After losing her virginity, Isabelle takes up a secret life as a call girl, meeting her clients for hotel-room trysts. Throughout, she remains curiously aloof, showing little interest in the encounters themselves or the money she makes.
A fashion photographer with terminal cancer elects to die alone, preparing others to live past him rather than prolong the inevitable with chemotherapy or be smothered in sympathy by those who know him.
Mousse and Louis are young, beautiful, rich and in love. But drugs have invaded their lives. One day, they overdose and Louis dies. Mousse survives, but soon learns she's pregnant. Feeling ... See full summary »
When her husband is taken hostage by his striking employees, a trophy wife (Deneuve) takes the reins of the family business and proves to be a remarkably effective leader. Business and ... See full summary »
French teenager Isabelle is spending her summer holiday with her middle-class family in the south of France and decides to lose her virginity with German teenager Felix. Then she returns to Paris with her mother Sylvie, her stepfather Patrick and her younger brother Victor. Then Isabelle works as a call girl using the nickname Lea, meeting old men. She feels affection for her client Georges that is married with a daughter. When Georges dies from a heart attack while having sex with Isabelle in a hotel, she flees but the police investigate and identify her. The detectives in charge of the investigation disclose to Sylvie, who is devastated.Written by
Claudio Carvalho, Rio de Janeiro, Brazil
The French have quite a tradition of films about prostitution. Starting of course by 'Belle de Jour', the iconic movie in which Cathérine Deneuve decides to work in a brothel out of boredom. Ten years ago, there was 'Nathalie', with Emannuelle Béart in the role of a high- class call girl who is hired to spy on a man suspected of adultery. And only two years ago, the underrated 'Elles' hit the screens, with Anaïs Demoustier as a young call girl and Juliette Binoche as a journalist writing a story about prostitution by students. These are just three examples, I'm sure there are more.
And now, 'Jeune et Jolie' (Young and Beautiful) is continuing the tradition. It tells the story of Isabelle, a quiet seventeen year old girl, who for unknown reasons starts working as a call girl. The film is divided into four chapters, one for every season. In the summer part, Isabelle loses her virginity to a German hunk during a beach holiday, just days before her seventeenth birthday. The next part is set in the autumn, and already Isabelle is working as a high heeled hooker, routinely visiting paying customers in posh Parisian hotels. The next winter everything goes wrong and her parents learn about her secret life. The last part, set in spring, shows how she is trying to pick up her old life as a student, but it's difficult to erase the past.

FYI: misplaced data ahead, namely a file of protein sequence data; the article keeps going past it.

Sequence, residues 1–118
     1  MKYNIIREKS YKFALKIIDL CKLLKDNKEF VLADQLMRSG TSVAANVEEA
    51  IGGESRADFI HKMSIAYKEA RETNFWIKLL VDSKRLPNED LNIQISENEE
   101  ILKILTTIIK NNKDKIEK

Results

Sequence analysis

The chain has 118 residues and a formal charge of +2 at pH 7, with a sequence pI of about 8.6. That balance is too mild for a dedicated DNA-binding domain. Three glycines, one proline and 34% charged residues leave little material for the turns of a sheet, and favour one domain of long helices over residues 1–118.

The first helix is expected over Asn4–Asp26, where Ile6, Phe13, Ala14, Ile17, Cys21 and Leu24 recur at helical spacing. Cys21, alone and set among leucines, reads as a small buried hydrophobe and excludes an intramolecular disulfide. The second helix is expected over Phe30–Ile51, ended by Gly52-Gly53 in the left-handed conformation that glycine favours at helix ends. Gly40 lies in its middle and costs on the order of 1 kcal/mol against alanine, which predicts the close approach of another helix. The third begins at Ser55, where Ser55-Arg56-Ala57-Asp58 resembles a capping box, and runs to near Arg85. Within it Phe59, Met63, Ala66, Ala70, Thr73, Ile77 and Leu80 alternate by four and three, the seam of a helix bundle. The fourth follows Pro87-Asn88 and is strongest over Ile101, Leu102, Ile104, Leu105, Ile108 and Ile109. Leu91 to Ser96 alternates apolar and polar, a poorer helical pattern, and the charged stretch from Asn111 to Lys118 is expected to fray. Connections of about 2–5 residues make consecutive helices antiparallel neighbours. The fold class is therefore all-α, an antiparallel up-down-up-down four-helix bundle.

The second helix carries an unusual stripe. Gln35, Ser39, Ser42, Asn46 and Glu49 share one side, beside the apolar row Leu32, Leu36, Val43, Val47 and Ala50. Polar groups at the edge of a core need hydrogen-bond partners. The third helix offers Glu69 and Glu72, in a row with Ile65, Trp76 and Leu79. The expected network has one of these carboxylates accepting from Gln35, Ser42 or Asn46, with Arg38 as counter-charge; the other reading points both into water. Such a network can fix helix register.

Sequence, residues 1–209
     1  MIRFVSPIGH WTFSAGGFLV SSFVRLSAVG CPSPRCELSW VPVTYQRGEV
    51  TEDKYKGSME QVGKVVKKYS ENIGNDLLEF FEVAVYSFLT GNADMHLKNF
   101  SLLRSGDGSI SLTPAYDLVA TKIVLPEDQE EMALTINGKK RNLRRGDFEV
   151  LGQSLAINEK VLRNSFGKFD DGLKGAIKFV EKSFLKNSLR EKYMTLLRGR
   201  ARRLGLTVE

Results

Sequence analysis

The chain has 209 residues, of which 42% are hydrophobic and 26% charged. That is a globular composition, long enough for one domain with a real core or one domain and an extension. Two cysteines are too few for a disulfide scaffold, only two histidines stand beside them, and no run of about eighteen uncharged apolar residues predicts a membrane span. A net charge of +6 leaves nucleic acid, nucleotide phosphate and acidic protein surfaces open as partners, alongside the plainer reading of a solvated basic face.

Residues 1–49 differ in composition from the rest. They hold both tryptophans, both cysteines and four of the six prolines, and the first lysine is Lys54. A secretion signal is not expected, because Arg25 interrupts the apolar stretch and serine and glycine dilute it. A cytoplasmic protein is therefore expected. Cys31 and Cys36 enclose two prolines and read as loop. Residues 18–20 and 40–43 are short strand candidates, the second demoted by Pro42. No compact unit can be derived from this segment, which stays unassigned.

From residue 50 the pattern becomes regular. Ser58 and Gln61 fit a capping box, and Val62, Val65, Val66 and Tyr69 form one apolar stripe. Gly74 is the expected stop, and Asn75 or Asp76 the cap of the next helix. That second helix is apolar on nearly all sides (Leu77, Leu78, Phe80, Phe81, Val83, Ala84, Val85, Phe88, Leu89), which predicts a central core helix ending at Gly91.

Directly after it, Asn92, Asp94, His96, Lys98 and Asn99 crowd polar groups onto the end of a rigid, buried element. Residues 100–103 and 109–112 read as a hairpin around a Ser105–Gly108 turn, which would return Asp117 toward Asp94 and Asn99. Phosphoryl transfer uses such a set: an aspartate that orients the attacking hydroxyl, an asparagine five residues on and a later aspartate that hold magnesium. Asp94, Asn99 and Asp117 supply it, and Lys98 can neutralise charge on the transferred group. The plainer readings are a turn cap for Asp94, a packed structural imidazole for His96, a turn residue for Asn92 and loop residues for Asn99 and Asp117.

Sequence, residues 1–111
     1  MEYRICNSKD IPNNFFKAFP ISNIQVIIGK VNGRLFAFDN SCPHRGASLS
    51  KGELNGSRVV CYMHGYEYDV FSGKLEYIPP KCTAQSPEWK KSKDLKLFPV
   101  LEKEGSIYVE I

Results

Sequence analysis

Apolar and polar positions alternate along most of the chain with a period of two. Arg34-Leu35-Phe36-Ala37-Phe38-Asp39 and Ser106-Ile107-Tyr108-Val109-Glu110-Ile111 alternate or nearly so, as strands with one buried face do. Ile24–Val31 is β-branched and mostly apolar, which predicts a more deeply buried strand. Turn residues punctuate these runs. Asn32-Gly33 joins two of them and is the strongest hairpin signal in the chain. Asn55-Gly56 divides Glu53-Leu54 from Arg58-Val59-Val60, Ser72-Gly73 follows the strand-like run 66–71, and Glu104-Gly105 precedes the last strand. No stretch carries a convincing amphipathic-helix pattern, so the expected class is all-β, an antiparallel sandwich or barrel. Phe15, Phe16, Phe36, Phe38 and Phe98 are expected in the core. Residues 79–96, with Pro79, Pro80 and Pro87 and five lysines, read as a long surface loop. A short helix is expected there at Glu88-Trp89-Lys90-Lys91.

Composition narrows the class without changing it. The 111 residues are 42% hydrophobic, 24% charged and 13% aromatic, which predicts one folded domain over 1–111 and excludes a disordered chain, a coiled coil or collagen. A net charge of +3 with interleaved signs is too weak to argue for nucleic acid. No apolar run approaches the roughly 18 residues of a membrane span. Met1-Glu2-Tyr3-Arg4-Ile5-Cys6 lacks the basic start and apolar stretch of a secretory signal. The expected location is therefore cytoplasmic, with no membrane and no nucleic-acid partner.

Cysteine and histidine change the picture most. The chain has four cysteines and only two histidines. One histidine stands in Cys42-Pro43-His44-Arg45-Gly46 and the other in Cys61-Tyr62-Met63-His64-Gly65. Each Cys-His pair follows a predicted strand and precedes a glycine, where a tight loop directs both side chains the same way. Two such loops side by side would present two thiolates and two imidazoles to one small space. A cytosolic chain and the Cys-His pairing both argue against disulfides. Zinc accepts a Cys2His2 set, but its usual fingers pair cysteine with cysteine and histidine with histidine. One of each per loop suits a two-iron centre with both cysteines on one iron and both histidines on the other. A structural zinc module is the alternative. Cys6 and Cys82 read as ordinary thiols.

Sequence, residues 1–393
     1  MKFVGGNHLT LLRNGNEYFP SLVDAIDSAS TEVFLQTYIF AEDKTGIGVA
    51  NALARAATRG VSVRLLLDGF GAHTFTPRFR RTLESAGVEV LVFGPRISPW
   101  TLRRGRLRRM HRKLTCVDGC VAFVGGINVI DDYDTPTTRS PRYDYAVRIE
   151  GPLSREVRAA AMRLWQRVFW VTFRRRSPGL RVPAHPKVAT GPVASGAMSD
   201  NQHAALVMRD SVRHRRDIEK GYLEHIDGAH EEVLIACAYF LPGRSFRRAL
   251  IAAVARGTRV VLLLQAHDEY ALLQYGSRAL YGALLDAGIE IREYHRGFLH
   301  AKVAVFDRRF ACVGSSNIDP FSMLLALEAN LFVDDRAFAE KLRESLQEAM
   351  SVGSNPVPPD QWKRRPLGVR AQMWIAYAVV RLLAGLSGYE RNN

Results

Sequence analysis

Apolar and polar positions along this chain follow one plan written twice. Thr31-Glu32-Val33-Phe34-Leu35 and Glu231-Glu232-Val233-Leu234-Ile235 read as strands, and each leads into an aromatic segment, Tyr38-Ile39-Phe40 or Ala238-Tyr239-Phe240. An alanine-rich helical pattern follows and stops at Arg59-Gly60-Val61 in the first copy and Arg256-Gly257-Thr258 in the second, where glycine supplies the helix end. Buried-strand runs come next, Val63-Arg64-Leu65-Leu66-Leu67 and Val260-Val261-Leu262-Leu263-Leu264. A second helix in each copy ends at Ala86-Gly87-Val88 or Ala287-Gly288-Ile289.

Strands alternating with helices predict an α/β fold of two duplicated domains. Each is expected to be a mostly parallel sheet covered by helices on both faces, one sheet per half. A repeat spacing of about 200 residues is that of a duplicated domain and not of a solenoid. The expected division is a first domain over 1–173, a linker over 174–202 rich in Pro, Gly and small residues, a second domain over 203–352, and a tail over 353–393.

The good thing is that director François Ozon doesn't judge Isabelle, nor explains why she does what she does. He only suggests that she is not really happy, she seems remote, ill- tempered and emotionally vulnerable. Isabelle is not very popular or likable. The only one she really seems to connect to on an emotional level, is her younger brother Victor. In a recent interview, actress Marine Vacth suggests that Isabelle just wants to try something exciting. It might as well have been drugs.
Ozon tells the story well. Because of the four seasons concept, the story keeps on developing. He also throws in some nice cinematographic treats, like the small scene of Isabelle and her fellow students commenting in close-up about a poem by Rimbaud. The final scene consists of a surprising twist, involving some superb acting by Charlotte Rampling. Also working very well are the songs by Françoise Hardy on the soundtrack.
Apparently, 'Jeune & Jolie' has been described as 'Belle de Jour 2.0'. That is definitely exaggerated. But nevertheless, it is a fine coming-of-age film.
59 of 70 people found this review helpful.
Was this review helpful to you?
| Report this